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The Fellowship: The Story of a Revolution…
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The Fellowship: The Story of a Revolution (Allen Lane Science) (original: 2005; edição: 2005)

de John Gribbin (Autor)

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John Gribbin, bestselling author of In Search of Schrodinger's Cat, explores the defining decades of the seventeenth century's scientific revolution, when the Royal Society established what became the' scientific method, a way of doing and communicating science that set the tone for the three and a half centuries that followed. In The Fellowship he describes the origins of the Royal Society, which grew out of meetings held in Oxford during the Civil War, and latterly in London, among natural philosophers', especially through the efforts of three men: William Gilbert, Francis Bacon, and William Harvey. The extraordinary return in 1759 of a comet that, on the basis of Newton's theory of gravity, had been predicted by Edmond Halley, marked the triumph of this scientific revolution.… (mais)
Membro:kristinn.stefansson
Título:The Fellowship: The Story of a Revolution (Allen Lane Science)
Autores:John Gribbin (Autor)
Informação:Allen Lane (2005), 352 pages
Coleções:Sua biblioteca, Para ler
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Etiquetas:Box1

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The Fellowship: Gilbert, Bacon, Harvey, Wren, Newton, and the Story of a Scentific Revolution de John Gribbin (2005)

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Exibindo 5 de 5
The Fellowship refers to the Royal Society (English science group) from the first ideas about scientific investigation to the society's healthy position some 100 years later. The professional biographies and where possible personal biographies of the key players are presented in an accessible and interesting manner. ( )
  snash | Jun 6, 2019 |
This would be the book Stephenson could have written instead of the execerable Silver Age series, if only he was able to write good non-fiction. Fascinating, well-written look at the early development of science in the West. ( )
1 vote hroethgar | Apr 1, 2012 |
Gribbin’s devotion to all things scientific makes him the perfect person to write about the early days of the scientific revolution and the Royal Society, England’s premier scientific society (and still in existence today). The Society was founded in November 1660 as a group of 12 natural philosophers with the aim of creating experiments which would allow them to understand the laws of nature and the universe without bias from religion or previous suppositions. Gribbin’s history narrates the lives of some two dozen scientists and thinkers of the seventeenth and eighteenth centuries. While it seems a little heavy on biographical detail at times, the various threads to come together to give a very good picture of the creation of the scientific method. A decent start for those looking background on the history of science. ( )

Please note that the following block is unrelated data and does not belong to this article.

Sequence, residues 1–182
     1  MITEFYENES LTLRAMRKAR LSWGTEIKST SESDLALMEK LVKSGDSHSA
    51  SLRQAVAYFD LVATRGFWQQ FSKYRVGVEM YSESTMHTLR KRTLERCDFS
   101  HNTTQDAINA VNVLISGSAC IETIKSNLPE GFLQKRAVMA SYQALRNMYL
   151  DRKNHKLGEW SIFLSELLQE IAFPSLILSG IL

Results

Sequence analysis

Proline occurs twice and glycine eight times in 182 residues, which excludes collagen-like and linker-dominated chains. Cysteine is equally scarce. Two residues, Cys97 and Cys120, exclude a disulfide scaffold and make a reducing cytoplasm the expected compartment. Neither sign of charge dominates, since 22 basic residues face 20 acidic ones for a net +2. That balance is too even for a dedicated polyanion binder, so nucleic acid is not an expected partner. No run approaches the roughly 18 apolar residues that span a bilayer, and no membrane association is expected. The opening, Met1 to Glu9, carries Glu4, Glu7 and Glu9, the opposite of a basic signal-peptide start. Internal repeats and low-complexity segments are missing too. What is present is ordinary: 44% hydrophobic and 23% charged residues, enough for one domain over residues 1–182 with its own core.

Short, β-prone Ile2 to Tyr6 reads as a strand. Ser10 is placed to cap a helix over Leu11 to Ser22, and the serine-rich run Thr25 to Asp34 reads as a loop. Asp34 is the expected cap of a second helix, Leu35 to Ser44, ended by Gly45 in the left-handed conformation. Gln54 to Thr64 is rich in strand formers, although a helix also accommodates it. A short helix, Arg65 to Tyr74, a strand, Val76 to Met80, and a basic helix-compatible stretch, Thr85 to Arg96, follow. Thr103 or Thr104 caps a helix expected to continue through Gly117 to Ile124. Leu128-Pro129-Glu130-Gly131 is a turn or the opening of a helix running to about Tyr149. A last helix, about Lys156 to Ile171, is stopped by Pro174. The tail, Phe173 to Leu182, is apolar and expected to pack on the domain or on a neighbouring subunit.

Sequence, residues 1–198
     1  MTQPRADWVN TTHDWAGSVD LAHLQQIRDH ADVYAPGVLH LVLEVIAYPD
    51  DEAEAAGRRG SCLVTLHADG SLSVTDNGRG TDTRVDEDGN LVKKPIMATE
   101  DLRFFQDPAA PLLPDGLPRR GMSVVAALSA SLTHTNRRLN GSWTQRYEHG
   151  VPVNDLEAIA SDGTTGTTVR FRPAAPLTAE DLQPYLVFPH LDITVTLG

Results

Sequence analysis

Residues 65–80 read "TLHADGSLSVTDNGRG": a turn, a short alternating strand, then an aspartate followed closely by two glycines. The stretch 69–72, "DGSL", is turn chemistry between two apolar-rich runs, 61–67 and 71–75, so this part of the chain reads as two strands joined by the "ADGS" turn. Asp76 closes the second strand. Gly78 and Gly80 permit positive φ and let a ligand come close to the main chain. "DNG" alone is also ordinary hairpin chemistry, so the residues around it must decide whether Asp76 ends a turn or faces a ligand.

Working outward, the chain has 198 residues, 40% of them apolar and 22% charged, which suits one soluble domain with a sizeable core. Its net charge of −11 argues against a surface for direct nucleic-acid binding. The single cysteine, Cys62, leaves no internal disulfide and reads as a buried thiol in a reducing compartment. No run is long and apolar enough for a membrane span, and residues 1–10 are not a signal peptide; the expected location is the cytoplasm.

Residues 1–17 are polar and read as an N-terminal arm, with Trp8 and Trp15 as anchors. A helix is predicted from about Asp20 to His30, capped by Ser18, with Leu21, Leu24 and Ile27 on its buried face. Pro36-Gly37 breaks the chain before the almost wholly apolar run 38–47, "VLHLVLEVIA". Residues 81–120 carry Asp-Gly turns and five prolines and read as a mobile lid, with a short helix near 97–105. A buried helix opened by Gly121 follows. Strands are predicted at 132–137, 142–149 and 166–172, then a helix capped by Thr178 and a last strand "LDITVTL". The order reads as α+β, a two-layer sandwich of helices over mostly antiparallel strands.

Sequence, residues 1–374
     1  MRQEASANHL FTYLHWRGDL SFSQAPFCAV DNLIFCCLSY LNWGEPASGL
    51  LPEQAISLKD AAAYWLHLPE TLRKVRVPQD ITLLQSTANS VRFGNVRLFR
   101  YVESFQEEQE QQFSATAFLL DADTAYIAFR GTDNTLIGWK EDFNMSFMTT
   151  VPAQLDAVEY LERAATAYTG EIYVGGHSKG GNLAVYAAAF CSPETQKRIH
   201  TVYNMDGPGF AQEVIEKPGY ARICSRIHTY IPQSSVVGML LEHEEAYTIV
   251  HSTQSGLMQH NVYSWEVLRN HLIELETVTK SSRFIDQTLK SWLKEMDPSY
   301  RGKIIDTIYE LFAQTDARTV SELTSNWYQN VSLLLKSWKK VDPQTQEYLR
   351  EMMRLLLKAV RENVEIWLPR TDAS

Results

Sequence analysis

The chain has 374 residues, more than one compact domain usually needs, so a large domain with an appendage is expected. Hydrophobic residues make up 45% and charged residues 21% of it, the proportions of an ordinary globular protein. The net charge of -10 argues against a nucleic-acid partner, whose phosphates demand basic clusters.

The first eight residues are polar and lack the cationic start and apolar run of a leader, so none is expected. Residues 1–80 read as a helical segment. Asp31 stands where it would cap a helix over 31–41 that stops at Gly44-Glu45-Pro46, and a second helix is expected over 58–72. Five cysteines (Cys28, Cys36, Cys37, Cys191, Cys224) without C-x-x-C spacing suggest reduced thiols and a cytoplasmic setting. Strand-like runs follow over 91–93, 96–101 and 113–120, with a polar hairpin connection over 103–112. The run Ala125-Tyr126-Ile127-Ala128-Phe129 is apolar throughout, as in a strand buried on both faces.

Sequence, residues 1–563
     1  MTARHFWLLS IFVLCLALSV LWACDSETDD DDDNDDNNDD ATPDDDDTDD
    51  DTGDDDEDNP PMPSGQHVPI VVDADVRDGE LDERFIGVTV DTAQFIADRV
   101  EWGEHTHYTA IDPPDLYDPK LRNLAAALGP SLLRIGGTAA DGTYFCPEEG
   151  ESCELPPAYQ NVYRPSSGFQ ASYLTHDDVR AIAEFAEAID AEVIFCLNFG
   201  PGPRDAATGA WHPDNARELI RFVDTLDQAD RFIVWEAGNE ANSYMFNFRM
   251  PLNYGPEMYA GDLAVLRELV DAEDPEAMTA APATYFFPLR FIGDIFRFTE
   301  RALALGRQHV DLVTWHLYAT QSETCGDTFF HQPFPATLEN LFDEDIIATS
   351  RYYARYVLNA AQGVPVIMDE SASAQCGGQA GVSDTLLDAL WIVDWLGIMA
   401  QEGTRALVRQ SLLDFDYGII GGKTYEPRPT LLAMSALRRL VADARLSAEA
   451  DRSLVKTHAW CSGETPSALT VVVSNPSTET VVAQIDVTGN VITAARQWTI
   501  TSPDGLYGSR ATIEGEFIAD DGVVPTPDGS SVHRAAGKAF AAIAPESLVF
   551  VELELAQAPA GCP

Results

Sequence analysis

NielsenGW | Jun 18, 2010 |
Very interesting history of the establishment of the Royal Society. Well written and entertaining. ( )
  jcaister | Jan 22, 2010 |
Maybe I am being a little picky because this period of history is one of my favorites. I like reading about science & history, but am usually bored by biography, and for my tastes there was too much biography. The parts where the science & the conflict with the orthodoxy were discussed were very good, but the parts where the lives of the scientists were discussed really drug for me. Restoration England basically gave birth to science and the modern world, and the Royal Society was at the heart of it. Gribbon does a nice job of quickly summarizing the influences that made this possible, but then gets bogged down a bit. I'd recommend Carl Zimmer's amazing "Soul Made Flesh" for those interested in this topic. Although Zimmer's book doesn't cover the actual Royal Society foundation so much, it does tell the heart of the story(how folks went from believing that THINKING about things was the right way to figure out how they worked, to realizing that OBSERVING them was far superior).

Of course for people who can't get enough of Restoration England and the foundation of modern thought, this book is still worthwhile.
  jlbrownn23 | Dec 2, 2007 |
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Men are deplorably ignorant with respect to natural things, and modern philosophers, as though dreaming in the darkness, must be aroused and taught the uses of things, the dealing with things; they must be able to quit the sort of learning that comes only from books, and that rests only on vain arguments from probability and upon conjectures...
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Wednesday, 28 November 1660
It is just six months since Charles II landed at Dover en route to London, summoned by Parliament to take the crown which had once adorned the head of his father.
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John Gribbin, bestselling author of In Search of Schrodinger's Cat, explores the defining decades of the seventeenth century's scientific revolution, when the Royal Society established what became the' scientific method, a way of doing and communicating science that set the tone for the three and a half centuries that followed. In The Fellowship he describes the origins of the Royal Society, which grew out of meetings held in Oxford during the Civil War, and latterly in London, among natural philosophers', especially through the efforts of three men: William Gilbert, Francis Bacon, and William Harvey. The extraordinary return in 1759 of a comet that, on the basis of Newton's theory of gravity, had been predicted by Edmond Halley, marked the triumph of this scientific revolution.

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